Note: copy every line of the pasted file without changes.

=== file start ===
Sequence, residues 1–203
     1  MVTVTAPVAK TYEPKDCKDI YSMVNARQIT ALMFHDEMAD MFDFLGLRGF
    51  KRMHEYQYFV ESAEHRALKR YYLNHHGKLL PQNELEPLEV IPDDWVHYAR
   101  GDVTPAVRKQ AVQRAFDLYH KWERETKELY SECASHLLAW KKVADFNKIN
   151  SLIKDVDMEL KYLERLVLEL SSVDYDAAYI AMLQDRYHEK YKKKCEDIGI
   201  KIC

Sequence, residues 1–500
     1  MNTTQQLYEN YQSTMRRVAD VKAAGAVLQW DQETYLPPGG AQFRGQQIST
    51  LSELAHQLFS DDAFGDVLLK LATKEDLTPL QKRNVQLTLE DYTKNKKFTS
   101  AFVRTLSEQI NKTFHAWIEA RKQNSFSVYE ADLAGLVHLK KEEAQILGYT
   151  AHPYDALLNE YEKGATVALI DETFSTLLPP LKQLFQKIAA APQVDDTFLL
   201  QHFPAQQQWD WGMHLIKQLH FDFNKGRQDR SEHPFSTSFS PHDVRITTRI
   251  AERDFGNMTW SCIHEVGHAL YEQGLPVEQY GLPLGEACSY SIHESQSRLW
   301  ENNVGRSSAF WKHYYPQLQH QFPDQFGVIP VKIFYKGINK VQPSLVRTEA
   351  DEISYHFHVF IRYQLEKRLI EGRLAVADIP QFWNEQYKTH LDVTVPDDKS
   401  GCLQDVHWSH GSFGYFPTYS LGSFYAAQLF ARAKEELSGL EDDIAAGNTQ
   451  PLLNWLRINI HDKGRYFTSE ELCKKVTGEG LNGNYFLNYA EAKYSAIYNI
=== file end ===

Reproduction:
Sequence, residues 1–203
     1  MVTVTAPVAK TYEPKDCKDI YSMVNARQIT ALMFHDEMAD MFDFLGLRGF
    51  KRMHEYQYFV ESAEHRALKR YYLNHHGKLL PQNELEPLEV IPDDWVHYAR
   101  GDVTPAVRKQ AVQRAFDLYH KWERETKELY SECASHLLAW KKVADFNKIN
   151  SLIKDVDMEL KYLERLVLEL SSVDYDAAYI AMLQDRYHEK YKKKCEDIGI
   201  KIC

Sequence, residues 1–500
     1  MNTTQQLYEN YQSTMRRVAD VKAAGAVLQW DQETYLPPGG AQFRGQQIST
    51  LSELAHQLFS DDAFGDVLLK LATKEDLTPL QKRNVQLTLE DYTKNKKFTS
   101  AFVRTLSEQI NKTFHAWIEA RKQNSFSVYE ADLAGLVHLK KEEAQILGYT
   151  AHPYDALLNE YEKGATVALI DETFSTLLPP LKQLFQKIAA APQVDDTFLL
   201  QHFPAQQQWD WGMHLIKQLH FDFNKGRQDR SEHPFSTSFS PHDVRITTRI
   251  AERDFGNMTW SCIHEVGHAL YEQGLPVEQY GLPLGEACSY SIHESQSRLW
   301  ENNVGRSSAF WKHYYPQLQH QFPDQFGVIP VKIFYKGINK VQPSLVRTEA
   351  DEISYHFHVF IRYQLEKRLI EGRLAVADIP QFWNEQYKTH LDVTVPDDKS
   401  GCLQDVHWSH GSFGYFPTYS LGSFYAAQLF ARAKEELSGL EDDIAAGNTQ
   451  PLLNWLRINI HDKGRYFTSE ELCKKVTGEG LNGNYFLNYA EAKYSAIYNI